The IMF is up against a contract killer who makes decisions at random at the last minute to ensure his moves are unpredictable. As Barney stands in for the intended victim, the IMF must prepare for ...
Jim Phelps is kidnapped by townspeople after learning they are part of an assassination network. The clock is ticking as a pair of assassins are en route to a perform a hit. The 'Force' must find and...
John Steed and his new accomplices Purdey and Gambit find themselves facing new and deadly dangers in the bizarre world of espionage. Mixing fantasy with a darker edge, the trio face ... See full summary »
Sam McCloud is a Marshal from a Taos, New Mexico, who takes a temporary assignment in the New York City Police. His keen sense of detail and detecting subtle clues, learned from his experience, enable him to nab unsuspecting criminals despite his unbelieving boss.
Jim Phelps is the head of a super-secret government agency ("Impossible Missions"), and is often given secret anonymous covert missions to attempt; quite often they are unmasking of criminals or the rescuing of hostages. He picks his team depending on which tasks need to be done. One thing is vital on an Impossible Mission: the mission must be carried out in entire secrecy, often relying on high-tech equipment and elaborate deceptions. Written by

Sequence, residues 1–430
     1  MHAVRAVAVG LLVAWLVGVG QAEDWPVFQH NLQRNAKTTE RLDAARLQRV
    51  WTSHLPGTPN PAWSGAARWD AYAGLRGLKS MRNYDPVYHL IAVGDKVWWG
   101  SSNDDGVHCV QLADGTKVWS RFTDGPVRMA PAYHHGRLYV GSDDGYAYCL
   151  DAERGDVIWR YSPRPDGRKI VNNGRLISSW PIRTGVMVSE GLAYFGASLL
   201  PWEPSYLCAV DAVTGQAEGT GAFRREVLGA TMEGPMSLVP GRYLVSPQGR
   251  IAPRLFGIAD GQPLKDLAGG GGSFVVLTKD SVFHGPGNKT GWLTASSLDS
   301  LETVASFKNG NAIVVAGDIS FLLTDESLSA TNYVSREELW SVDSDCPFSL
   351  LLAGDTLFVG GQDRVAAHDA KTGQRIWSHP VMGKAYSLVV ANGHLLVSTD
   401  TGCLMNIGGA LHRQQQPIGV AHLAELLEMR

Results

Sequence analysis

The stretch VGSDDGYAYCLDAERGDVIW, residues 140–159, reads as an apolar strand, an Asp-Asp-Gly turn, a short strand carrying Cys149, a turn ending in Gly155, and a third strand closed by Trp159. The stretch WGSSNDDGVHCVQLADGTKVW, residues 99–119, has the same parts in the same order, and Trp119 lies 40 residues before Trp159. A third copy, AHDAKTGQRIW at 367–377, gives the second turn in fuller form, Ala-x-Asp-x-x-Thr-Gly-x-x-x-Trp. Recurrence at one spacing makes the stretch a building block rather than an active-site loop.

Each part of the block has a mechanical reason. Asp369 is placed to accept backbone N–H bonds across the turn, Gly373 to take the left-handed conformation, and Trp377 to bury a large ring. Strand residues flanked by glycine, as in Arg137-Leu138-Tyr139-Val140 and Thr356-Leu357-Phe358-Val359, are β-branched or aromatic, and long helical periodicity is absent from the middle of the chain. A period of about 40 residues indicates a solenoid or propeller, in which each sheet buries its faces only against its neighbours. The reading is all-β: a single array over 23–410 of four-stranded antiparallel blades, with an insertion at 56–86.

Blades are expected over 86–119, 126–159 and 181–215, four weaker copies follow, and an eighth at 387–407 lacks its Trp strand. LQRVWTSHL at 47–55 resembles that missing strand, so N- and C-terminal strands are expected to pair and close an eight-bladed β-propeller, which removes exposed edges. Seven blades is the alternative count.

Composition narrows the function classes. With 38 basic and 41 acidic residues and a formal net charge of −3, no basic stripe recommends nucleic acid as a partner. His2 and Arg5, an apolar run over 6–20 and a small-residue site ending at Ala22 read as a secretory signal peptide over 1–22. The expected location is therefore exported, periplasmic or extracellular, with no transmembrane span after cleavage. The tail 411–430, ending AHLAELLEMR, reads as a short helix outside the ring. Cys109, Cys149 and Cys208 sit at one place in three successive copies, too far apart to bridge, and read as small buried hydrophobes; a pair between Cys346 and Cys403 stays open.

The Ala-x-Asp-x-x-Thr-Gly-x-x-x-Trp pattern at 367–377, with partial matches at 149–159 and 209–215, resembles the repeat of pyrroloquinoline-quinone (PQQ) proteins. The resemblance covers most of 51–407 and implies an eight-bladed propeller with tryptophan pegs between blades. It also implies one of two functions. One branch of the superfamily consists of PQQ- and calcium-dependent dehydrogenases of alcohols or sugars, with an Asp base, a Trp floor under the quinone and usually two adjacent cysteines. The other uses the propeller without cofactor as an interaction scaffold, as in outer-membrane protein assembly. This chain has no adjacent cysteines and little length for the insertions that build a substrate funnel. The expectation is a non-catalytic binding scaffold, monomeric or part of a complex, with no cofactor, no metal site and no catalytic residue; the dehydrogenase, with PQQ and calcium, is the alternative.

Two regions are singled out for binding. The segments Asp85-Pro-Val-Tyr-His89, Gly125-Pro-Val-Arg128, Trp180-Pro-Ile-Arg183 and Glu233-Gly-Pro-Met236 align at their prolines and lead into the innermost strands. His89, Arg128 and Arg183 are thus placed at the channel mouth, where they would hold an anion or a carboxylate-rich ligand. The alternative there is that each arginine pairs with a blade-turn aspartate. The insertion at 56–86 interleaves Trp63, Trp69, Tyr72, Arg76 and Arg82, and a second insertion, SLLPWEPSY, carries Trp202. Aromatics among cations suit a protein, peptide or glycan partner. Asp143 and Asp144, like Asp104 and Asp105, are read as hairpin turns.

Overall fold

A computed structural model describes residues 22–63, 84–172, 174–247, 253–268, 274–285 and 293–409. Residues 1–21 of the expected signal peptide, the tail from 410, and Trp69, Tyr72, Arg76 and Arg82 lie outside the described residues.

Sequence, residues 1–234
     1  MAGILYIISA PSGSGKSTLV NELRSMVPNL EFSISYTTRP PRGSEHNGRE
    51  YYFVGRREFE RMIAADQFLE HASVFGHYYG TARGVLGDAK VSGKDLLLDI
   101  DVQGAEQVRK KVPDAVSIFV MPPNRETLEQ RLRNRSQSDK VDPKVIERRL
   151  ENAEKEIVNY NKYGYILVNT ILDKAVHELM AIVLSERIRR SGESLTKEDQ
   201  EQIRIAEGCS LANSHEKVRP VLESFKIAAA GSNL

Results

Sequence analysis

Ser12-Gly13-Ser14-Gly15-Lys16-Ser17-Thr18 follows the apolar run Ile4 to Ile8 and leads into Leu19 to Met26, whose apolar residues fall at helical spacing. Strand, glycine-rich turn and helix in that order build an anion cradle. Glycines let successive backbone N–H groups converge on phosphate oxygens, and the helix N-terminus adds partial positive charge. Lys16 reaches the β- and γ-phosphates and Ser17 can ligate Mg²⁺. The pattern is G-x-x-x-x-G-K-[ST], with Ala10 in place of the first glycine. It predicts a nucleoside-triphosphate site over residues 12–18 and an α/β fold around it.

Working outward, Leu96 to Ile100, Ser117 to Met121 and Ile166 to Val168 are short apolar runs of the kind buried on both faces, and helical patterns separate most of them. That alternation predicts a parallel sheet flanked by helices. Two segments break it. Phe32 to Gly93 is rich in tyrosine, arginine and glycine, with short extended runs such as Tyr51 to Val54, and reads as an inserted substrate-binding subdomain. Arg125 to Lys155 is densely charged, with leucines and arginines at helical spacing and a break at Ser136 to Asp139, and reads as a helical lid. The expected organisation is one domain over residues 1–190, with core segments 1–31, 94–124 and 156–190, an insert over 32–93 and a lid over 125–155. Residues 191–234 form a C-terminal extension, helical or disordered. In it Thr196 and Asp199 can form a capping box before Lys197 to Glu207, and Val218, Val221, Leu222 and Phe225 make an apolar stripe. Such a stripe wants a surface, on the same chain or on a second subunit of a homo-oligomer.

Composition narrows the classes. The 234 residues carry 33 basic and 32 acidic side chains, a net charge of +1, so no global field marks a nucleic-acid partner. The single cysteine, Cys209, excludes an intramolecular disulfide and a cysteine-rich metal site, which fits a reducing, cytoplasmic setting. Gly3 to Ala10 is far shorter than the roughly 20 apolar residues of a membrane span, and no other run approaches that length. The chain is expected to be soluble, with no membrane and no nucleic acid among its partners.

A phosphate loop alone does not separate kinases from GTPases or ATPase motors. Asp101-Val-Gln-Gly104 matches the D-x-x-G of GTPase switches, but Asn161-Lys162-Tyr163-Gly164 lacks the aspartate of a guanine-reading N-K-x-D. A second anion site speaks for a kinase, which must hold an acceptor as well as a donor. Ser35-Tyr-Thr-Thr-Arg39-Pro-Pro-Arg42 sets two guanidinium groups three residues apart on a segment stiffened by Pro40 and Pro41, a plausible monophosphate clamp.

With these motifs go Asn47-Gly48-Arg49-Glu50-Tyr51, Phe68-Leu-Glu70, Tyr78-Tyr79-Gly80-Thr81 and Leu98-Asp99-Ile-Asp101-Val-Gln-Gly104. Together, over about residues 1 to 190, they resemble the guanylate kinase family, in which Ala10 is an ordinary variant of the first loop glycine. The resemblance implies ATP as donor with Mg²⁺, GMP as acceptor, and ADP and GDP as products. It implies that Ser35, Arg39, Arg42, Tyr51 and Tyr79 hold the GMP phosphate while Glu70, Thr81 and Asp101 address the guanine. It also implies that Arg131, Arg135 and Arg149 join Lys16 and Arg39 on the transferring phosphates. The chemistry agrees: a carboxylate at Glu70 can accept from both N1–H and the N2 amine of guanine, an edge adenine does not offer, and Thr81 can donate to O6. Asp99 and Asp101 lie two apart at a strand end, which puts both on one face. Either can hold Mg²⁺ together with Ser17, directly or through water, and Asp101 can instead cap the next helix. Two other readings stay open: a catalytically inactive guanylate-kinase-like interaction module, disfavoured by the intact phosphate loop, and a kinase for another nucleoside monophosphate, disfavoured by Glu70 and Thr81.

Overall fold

Murray Chapman <firstname.lastname@example.org>
"Mission: Impossible" (not including the 1988 sequel series) had the most episodes of any English-language spy series, with 171 episodes. Its nearest rival is The Avengers (1961) with 161 shows. See more »
Multiple episodes set in European countries have Barney working on electrical wiring to achieve the team's aim, yet the switchgear, outlets, and other equipment depicted is North American. See more »
Only two things stayed unchanged in the opening: the striking of the match and the actual display of the title. The rest of the opening title showed clips which varied from episode to episode. See more »
Classic televison, which was inspired by Jules Dassin's spoof of his own French masterpiece, Rififi, from the mid 1960s. One of its best elements were the famous guest stars that appeared in the show, which added more interest to the already interesting storylines. Unlike the film adaptations, Mission:Impossible(1966) is an excellent crafted tv show that was ahead of its time in some areas of special effects. My favorite actors from the show were Leonard Nimoy, Martin Landau, and Peter Graves.
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